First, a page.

Famous Squadrons – 617 Squadron RAF – ‘The Dambusters’

Hopgoods-Courageous-Run

617 Squadron, Royal Air Force (RAF) was reformed on Tuesday 17 April 2018 at Marine Corps Air Station (MCAS) Beaufort in South Carolina as the first British frontline Squadron equiped with the F-35B Lightning II. It is the fourth occasion since the Squadron was formed that it has been re-raised.

617 Squadron F35B

The squadron was originally formed under great secrecy at RAF Scampton during the Second World War on 21 March 1943. Known initially as ‘Squadron X’ it also included personnel from the Royal Canadian Air Force (RCAF), Royal Australian Air Force (RAAF) and Royal New Zealand Air Force (RNZAF) brought together for the specific task of attacking three major dams that contributed water and power to the Ruhr industrial region in Germany: the Möhne, Eder and Sorpe.

617 Patche

The plan was given the codename Operation ‘Chastise’ and was carried out on 17 May 1943 using Barnes Wallis’s revolutionary ‘Bouncing bomb’. The Möhne and Edersee were breached, causing catastrophic flooding of the Ruhr valley but the Sorpe Dam sustained only minor damage. 53 of the 133 aircrew who participated in the attack were killed and over 1,600 civilians are estimated to have died in the flooding resulting from the attack.

617 Sqn

Known since that time as the ‘Dambusters’ the Squadron is one of the most famous units in the RAF. 617 Squadron went on to participate with 9 Squadron RAF in Operation ‘Catechism’ in 1944 to successfully sink the German battleship the Tirpitz, as well as take part in the 1991 Gulf War and 2003 Iraq War.

617 Squadron RAF Badge

Motto: ‘Apres moi le deluge’ (After me, the flood)

Battle Honours: 10

  • Fortress Europe 1943–1945*
  • The Dams*
  • Biscay Ports*
  • France and Germany 1944–1945*
  • Normandy*
  • Tirpitz*
  • Channel & North Sea 1944–1945*
  • German Ports*
  • Gulf 1991
  • Iraq 2003–2011*

* Honours marked with an asterisk may be emblazoned on the Squadron Standard

You can find out more about 617 Squadron RAF here: https://www.raf.mod.uk/our-organisation/squadrons/617-squadron/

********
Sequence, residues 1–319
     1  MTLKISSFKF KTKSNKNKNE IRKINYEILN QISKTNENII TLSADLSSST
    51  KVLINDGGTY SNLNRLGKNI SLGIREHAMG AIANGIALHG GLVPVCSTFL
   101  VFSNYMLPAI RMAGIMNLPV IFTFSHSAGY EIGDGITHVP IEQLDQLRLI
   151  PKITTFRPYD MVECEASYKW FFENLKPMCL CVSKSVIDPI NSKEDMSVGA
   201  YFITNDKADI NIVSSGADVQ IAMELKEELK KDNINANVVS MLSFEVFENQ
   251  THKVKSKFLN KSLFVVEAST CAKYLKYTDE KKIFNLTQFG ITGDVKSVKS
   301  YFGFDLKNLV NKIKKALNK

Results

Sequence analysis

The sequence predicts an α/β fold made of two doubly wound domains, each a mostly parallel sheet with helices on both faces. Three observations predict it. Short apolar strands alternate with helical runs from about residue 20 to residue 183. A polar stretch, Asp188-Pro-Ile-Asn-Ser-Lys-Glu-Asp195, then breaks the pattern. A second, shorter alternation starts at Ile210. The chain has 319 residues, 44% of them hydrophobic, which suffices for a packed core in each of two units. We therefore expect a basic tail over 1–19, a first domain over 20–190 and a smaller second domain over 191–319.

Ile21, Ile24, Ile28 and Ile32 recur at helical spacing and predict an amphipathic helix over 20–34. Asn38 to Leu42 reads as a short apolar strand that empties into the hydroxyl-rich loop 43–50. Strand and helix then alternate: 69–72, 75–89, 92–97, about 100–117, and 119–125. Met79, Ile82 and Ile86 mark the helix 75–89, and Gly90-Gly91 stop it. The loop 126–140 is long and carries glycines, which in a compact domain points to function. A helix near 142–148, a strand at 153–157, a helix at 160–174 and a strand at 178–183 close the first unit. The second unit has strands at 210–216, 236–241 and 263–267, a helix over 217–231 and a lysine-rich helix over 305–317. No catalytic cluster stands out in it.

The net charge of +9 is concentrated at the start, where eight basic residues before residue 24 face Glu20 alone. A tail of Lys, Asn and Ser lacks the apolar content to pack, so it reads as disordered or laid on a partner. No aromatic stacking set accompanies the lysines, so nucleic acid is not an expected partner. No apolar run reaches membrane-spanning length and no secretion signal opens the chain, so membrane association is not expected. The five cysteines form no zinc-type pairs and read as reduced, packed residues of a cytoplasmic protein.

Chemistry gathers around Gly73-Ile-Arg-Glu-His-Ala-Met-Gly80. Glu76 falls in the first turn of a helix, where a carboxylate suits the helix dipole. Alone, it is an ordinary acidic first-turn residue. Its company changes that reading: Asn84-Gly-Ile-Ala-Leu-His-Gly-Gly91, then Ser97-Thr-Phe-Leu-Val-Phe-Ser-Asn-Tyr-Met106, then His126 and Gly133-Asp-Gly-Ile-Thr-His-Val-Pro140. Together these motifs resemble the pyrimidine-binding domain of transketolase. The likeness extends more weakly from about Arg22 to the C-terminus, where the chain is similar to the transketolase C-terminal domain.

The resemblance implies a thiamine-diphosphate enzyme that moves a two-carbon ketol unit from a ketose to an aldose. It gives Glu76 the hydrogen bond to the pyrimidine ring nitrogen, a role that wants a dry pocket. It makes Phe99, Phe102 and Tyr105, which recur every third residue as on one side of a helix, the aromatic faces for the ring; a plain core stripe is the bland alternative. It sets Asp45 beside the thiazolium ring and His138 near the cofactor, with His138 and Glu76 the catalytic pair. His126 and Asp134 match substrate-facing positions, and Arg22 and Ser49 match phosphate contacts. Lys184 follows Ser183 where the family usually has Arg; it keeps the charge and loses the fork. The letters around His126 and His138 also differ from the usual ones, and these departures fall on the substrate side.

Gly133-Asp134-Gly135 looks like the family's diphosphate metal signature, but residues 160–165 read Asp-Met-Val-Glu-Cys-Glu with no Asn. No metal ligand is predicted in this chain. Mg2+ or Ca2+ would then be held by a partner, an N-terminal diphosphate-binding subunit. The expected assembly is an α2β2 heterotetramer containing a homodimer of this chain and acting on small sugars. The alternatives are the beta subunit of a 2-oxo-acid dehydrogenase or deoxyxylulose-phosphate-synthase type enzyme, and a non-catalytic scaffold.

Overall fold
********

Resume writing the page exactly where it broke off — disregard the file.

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Famous Squadrons – 450 Squadron, Royal Australian Air Force (RAAF) – ‘The Desert Harassers’

450 Sqn RAAF Operation Bowler

450 Squadron, Royal Australian Air Force (RAAF) was formed on 16 February 1941 at RAAF Williamtown near Newcastle in New South Wales as the first Australian squadron established under Article XV of the Empire Air Training Scheme (EATS).

450 Sqn Kittyhawks

Nicknamed the ‘Desert Harassers’, the Squadron was one of the most famous RAAF units of the Second World War and derived its nickname from taunts made by the German propaganda broadcaster ‘Lord Haw Haw’ who, during the squadron’s operations in the Western Desert branded it a band of “Australian mercenaries whose harassing tactics were easily beaten off by the Luftwaffe”.

450 Sqn crest

Motto: ‘Harass’

Battle Honours: 10

  • South-East Europe 1942-1945
  • Egypt and Libya 1940-1943
  • El Alamein
  • El Hamma
  • North Africa 1942-1943
  • Sicily 1943
  • Italy 1943-1945
  • Gustav Line
  • Gothic Line
  • Syria 1941

450 Sqn Bombing up a Fighter Bomber

450 Squadron’s war ended with the surrender of German forces in Italy on 2 May 1945. It was disbanded at Lavarino in Italy on 20 August 1945.

450 Sqn Plaque

The 450 Squadron ‘number plate’ was inadvertently given to the Royal Canadian Air Force (RCAF) after the Second World War. Although Canadian squadrons were numbered from 400 to 449 during the war, an unusual twist of history resulted in the number 450 being allocated to a Canadian heavy transport squadron. Nevertheless, Canada received permission to adopt the number and 450 Heavy Transport Helicopter Squadron was formed at RCAF Station St. Hubert, Quebec on March 29, 1968. Whilst the Squadron inherited the 450 number plate it did not inherit the above Battle Honours.

You can find out more about the 450 Sqn RAAF Assocation here: http://www.450squadronraaf.org.au/